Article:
We bought a house in the older area of the little town. The houses on that two-block neighborhood were on quarter-acre lots, made of brick on all four sides, and were spacious. The owner had passed away and the heir had inherited several houses and wanted to liquidate all the properties, so he sold the house to us at a ridiculously low price. The real estate agent knew the deceased and told us she had passed away within days after one of the neighbors found her ill inside the house.  Her husband had died several years previous and their one son had died in a war a long time ago, probably Vietnam. My first husband and I divorced, the dog and cat died, and the three kids grew up and moved away in the fourteen years I lived in that house, but I never felt alone. There were lots of times I felt, heard, or saw movement inside the house, but when I went to check, there was nothing or no one there. One time I was standing at the sink washing dishes and saw movement out of the corner of my rig…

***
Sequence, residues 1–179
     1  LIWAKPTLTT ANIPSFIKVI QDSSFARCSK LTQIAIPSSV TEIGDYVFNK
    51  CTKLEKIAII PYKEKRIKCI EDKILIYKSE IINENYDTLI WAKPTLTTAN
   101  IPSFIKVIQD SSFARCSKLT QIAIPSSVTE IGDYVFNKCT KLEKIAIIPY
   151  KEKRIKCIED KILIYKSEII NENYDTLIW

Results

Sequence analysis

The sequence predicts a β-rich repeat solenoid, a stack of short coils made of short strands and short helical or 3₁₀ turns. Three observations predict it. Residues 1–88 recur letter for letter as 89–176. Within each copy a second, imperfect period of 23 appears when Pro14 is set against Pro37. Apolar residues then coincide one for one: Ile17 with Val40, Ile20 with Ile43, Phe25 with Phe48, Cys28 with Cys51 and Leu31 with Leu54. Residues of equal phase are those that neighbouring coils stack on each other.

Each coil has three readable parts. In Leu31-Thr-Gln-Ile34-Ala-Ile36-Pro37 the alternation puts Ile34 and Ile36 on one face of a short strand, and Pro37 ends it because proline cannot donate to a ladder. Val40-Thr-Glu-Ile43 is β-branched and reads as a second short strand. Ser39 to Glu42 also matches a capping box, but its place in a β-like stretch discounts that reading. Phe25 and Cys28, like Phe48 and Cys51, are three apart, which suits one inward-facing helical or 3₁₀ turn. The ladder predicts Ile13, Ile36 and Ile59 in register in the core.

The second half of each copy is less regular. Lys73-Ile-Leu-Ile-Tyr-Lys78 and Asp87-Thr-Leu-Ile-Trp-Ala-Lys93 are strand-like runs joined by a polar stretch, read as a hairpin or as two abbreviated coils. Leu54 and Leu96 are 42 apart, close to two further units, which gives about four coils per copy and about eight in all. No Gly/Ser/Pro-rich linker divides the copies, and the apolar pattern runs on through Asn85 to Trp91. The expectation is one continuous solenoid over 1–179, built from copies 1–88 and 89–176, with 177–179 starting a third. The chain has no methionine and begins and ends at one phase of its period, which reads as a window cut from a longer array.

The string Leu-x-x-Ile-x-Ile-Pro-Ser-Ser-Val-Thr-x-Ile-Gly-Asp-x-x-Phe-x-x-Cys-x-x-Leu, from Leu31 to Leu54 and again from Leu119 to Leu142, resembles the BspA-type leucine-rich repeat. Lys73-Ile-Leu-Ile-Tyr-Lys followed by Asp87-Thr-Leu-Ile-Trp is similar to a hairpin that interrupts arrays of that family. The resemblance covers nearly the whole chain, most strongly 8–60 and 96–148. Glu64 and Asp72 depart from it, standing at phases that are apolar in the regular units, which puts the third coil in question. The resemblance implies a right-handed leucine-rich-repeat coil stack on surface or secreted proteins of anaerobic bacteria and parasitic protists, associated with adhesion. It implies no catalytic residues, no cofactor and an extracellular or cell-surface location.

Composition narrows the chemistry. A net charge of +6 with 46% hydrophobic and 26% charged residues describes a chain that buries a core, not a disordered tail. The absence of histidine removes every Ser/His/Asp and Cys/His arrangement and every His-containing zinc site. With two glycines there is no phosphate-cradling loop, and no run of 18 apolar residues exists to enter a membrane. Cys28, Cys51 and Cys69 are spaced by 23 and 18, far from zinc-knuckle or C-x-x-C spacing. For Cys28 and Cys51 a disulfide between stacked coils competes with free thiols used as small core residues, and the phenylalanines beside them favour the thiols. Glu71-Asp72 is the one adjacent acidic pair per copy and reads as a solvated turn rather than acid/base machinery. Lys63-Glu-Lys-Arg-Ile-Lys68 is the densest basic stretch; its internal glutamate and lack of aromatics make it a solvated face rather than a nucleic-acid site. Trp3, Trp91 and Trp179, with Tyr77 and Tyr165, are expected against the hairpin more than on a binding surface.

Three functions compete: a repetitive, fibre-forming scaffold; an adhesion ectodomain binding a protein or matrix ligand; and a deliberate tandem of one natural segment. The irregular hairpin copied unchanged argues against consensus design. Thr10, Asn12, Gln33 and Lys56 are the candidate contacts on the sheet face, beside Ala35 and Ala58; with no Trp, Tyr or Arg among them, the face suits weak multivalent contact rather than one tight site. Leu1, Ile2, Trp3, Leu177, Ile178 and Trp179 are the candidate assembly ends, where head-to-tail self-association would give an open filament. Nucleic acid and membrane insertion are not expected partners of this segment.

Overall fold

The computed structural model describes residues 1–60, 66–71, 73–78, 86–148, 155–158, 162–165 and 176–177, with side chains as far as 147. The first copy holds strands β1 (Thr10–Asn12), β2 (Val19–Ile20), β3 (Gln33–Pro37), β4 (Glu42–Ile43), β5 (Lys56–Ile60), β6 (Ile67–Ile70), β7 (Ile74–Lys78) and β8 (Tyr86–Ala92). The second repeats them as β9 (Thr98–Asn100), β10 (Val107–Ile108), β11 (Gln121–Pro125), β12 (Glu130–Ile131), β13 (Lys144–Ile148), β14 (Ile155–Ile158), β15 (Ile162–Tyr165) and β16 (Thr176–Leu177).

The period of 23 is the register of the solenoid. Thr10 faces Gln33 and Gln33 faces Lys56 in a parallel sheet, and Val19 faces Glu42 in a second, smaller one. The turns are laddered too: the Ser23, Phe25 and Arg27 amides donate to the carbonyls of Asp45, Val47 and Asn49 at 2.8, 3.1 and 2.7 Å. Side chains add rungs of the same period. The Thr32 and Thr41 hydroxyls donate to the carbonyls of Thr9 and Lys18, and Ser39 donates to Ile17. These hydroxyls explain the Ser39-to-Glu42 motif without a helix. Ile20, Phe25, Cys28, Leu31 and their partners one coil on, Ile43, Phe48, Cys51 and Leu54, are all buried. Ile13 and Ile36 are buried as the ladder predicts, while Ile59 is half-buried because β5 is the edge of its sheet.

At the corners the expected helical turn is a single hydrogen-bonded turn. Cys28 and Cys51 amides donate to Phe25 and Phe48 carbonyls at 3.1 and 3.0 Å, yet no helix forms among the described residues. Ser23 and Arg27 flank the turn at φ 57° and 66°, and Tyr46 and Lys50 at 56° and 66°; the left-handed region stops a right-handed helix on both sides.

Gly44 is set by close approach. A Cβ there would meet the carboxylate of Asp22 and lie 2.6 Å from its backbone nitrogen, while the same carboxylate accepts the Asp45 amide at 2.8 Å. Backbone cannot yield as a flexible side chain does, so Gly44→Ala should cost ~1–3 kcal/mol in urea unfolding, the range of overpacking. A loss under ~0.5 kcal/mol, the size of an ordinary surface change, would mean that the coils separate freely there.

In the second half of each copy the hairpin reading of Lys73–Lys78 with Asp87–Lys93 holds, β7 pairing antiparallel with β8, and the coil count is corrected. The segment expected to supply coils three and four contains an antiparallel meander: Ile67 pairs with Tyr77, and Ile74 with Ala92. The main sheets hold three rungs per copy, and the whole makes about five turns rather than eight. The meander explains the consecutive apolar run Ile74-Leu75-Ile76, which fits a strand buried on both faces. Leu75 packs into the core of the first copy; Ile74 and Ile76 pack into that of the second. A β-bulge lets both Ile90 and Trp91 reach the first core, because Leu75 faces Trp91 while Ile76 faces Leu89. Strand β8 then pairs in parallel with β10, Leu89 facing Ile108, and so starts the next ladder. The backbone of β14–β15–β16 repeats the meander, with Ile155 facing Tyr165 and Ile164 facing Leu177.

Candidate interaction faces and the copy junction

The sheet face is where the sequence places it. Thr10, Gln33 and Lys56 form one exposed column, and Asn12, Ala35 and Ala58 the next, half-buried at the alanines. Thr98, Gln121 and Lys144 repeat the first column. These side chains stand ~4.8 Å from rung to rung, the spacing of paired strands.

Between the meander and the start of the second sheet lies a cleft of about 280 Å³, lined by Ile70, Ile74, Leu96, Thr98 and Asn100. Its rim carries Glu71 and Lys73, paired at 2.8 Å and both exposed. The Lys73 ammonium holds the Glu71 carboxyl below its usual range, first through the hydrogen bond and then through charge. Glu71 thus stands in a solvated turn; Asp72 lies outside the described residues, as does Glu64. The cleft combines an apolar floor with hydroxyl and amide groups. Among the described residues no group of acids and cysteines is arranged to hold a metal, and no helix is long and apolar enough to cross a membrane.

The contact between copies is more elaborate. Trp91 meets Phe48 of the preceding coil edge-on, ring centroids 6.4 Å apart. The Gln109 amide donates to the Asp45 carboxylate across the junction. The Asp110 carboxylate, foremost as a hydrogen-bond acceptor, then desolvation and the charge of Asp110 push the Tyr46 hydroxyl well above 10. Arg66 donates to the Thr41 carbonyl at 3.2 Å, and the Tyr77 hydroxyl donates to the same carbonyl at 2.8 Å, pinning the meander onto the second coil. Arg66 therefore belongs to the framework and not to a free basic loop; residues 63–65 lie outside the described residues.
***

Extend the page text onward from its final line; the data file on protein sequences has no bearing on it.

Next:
Do you believe in ghosts? I do.

It’s not like I attend séances trying to visit past relatives or old loves.I do not go chasing after them or watch TV shows about ghosts.Mine are incidental encounters. I believe in ghosts because I believe in the hereafter.  And because I believe that there is better than the right here, I think the ghosts we do encounter have a reason to make themselves known in this realm. I have no explanation why they want to visit with me but I wish they would do it in the daytime, but that is never the case.  My ghostly visits have always been at night. Everyone in my family thinks I am afraid of the dark.  Not so.  I am fine with the dark.  It’s the night that scares me, and I have my grandmother and my dad to thank for that. My grandmother raised us and she kept us in line with the whole array of Mexican folklore about the llorona (pronounced yorona), the Cucui (the boogieman), the Diablo, and an assortment of other scary stories.  When we got older (and properly scared straight), she confesse…

Three Novembers